We did contract out the bulk of the work, since it needed to be done to code and pass a building inspection; but we designed the addition and layout, sourced and selected all the materials, supervised (and intervened) on a daily basis, laid the floor, and painted and wallpapered.
Here are some "mug shots":
Here are the materials we used:
Vanities: St. Paul 36" espresso (special buy at Home Depot)
Tile: Merola cobalt and white basketweave for shower floor and niche; Lowes stock subway tile for field; Lowes clearance white chair rail and pencil liner for accents; Mapei Silver grout; Home Depot marble thresholds for niche shelving and shower curb
Faucets: Delta Victorian chrome shower and vanity faucets; Price Pfister Savannah floor mount tub faucet and risers
Tub: antique 1920's Kohler from local flea market, painted Ben Moore Hale Navy
Toilet: Danze Orrington
Lighting: clearance exterior lanterns from Lowes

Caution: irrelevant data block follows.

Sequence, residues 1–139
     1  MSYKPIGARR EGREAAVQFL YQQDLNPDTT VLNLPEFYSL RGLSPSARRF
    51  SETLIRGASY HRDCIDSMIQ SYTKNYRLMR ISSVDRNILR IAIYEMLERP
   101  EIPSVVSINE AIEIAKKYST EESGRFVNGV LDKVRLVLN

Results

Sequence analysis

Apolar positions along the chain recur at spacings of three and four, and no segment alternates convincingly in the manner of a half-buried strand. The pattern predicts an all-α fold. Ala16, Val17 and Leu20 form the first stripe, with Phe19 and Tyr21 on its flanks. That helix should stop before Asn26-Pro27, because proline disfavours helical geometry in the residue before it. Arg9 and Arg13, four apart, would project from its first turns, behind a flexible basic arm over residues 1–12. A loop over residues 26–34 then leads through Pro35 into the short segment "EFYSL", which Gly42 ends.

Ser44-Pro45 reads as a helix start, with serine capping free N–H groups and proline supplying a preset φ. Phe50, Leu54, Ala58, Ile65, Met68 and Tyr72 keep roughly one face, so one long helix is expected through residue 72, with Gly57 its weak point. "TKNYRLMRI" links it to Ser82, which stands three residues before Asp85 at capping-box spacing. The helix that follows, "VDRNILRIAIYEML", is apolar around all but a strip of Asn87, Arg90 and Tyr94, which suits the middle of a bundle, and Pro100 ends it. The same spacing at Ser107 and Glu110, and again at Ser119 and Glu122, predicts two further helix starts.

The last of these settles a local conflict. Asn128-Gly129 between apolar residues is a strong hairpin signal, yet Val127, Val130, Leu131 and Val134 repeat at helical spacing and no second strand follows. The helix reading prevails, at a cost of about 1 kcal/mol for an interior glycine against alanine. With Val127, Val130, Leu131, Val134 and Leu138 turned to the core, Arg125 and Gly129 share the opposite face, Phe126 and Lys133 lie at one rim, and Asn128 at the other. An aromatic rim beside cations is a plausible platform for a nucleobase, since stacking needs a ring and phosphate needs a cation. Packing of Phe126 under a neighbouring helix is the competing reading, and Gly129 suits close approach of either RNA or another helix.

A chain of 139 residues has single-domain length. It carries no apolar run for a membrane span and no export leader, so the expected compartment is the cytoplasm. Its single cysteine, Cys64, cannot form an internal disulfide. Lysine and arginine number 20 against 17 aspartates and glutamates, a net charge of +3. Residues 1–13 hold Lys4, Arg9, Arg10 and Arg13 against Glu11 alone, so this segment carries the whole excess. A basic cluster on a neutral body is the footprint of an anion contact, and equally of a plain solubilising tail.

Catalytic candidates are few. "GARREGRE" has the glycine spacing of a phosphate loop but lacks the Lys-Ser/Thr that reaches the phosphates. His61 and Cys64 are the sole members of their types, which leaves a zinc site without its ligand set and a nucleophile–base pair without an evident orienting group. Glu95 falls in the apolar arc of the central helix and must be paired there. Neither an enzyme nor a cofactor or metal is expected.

Flooring: Novalis vinyl planks in Gunstock
My one regret not having more closed storage, but it wasn't an oversight. To preserve the symmetry of the house, we matched the gable addition to the existing front gable. That gave us a rather square room with lots of floor space in the middle and large triple windows. We couldn't bump a closet into the knee wall space on either side of the gable, and I couldn't figure out how to build one in and keep an attractive and functional arrangement of fixtures. The new toilet ended up 15” from the wall because of a floor joist, so I had that section of the wall furred out and a built-in niche framed. I plan to have doors made eventually, so that will hide the less attractive bathroom necessities. And the less places to hide the mess, the more tidy and organized we will have to be, which isn't a bad thing!